The other reviewer here speaks to the point "if you're already here, you have an idea what Darkspace is like." I concur. Darkspace is so far beyond any other band 99.9% of the public has ever heard of, it isn't even funny. Let's talk about why.
The music of Darkspace centralizes on painting one picture: portraying the vast emptiness of space.
Read that until it sinks in.
Darkspace's albums are simply titled I, II, and III, and the songs are simply 1.1, 1.2, etc. for the songs on the first album, 2.8, 2.9, and 2.10 for the songs on the second album, then 3.11, 3.12, etc. for the third album. Lyrics are about as hard to find anywhere as that of Gorgoroth.
I have listened to this album about 4-5 times since first getting it about a year ago. Up until my most recent listen, I came away with a headache every single time (and this is coming from someone who had already been listening to Moonblood, Vlad Tepes, Behemoth's demos, etc.). Darkspace's production isn't "raw" or "muffled" to the point of being unlistenable like Moonblood etc., but rather Darkspace DOES something to their sound to make it sound distant and truly accomplish its apparent goal of making you feel like you are floating in the void of space. From that alone, it would be fair to say that Darkspace is perhaps the single most atmospheric band I have EVER heard. (Don't make me run off a list of the obscure bands I've stumbled across. And I did say "perhaps.")
On that same note, Darkspace needs to be heard to be believed. Then again, unless you have been prepared for Darkspace through countless other black metal bands, Darkspace will go right over your head. The closest comparison to Darkspace I can come up with is some of the Swedish black metal with long songs, namely Dawn on the Slaughtersun album. That album doesn't have an atmosphere that even fits in the same ballpark as Dawn, but that is the only other album I know where the band will time (or track) and time (or track) again deliver relentless assaults from all instruments. That's what Darkspace does.
"Repetition with expansion" - that's the phrase I would coin to describe how Darkspace's sound "works." 2.8 and 2.10 both start with a simple, base structure. And it doesn't waver. But rather, more and more and more keeps getting layered on top of it. Where most bands would either end the song at the point or shift it (ex. beginning of "Part II"), that base structure stands firm like a tower during a wild storm with driving winds and pelting rain. That wind and rain adds to the sound that was already there. And yes - this is when I, the listener, realize I can be no place else but the vast emptiness in space. Drums are furious blastbeats about 70% of the time this is going on (ala Legacy of Evil-era Limbonic Art (2007)) while at least one guitar is playing tremolo. Sometimes, one of the two guitars is playing a haunting lead riff that sounds like it was taken from one of the sound effects used in the instrumental.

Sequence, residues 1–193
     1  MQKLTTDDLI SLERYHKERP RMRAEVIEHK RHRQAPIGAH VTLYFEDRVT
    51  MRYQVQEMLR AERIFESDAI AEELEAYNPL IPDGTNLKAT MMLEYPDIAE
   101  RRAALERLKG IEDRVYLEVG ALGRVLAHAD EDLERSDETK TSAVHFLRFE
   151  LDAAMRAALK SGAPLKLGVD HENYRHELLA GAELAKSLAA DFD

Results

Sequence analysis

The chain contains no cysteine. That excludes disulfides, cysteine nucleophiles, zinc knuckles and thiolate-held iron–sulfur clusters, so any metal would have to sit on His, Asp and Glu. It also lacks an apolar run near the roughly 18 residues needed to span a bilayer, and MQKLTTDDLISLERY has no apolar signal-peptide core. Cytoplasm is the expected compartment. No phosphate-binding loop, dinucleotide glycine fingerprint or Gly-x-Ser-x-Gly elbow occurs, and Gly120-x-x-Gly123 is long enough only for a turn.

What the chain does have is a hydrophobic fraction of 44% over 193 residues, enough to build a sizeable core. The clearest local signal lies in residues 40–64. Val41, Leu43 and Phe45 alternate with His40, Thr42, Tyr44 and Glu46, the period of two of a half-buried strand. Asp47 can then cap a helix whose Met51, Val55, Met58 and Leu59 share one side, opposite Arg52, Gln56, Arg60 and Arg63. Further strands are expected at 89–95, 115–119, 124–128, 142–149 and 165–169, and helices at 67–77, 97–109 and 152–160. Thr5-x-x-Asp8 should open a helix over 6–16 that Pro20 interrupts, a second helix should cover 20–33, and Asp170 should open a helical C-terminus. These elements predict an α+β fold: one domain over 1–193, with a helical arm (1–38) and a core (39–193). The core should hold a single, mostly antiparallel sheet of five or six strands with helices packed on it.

I can't go further without discussing the middle of the three tracks here, 2.9. It is 10:23 of ambience, mostly movie sound effects. Not one metal instrument is heard. There is oddly a sort of rhythm here that makes the passage of the 10:23 go by fairly quickly and actually creates a sense of build-up/anticipation. It is more easily endured than many 3- or 4-minute ambient tracks I could name.
Tracks 1 (23:41) and 3 (20:10) are full-on black metal songs supported by sounds similar to those heard in the instrumental. I prefer 2.10 over 2.8, but that's just me. Any of the three tracks would make a great soundtrack while reading 2001: A Space Odyssey or any one of those sci-fi classics from the 60's or 70's.
I've pretty much neared the end of what I have to say about Darkspace. Let me just throw in some other things I know.
Darkspace is not the first band of the songwriter. Wroth (guitars and vocals) was also the solo member of Paysage d'Hiver (there called Wintherr) - a band with 10 demos (to date) to their name averaging about 45 minutes (although going up to 92:56) in length. It is a very similar project - ambient black metal with the bulk of their songs over ten minutes in length and three over 24:00. I've also seen videos of Darkspace live. Oh my goodness. Unreal. I just barely passed up an opportunity to see them live at a festival in Canada in 2012. If it wasn't Thanksgiving weekend, I probably would have done it just to see Darkspace.
I usually close my reviews with something to the effect of, "If you love this, this, and this, then you've got to hear THIS!" I can't do that here. Darkspace is sure to scare away many. I can only wish that you'll love this. But it even took me 4-5 listens to come to terms with it rather than just shrug it off. Patience. Preparation and patience. When you're ready, come to Darkspace. Just be warned - you may have a hard time going back to "ordinary" black metal.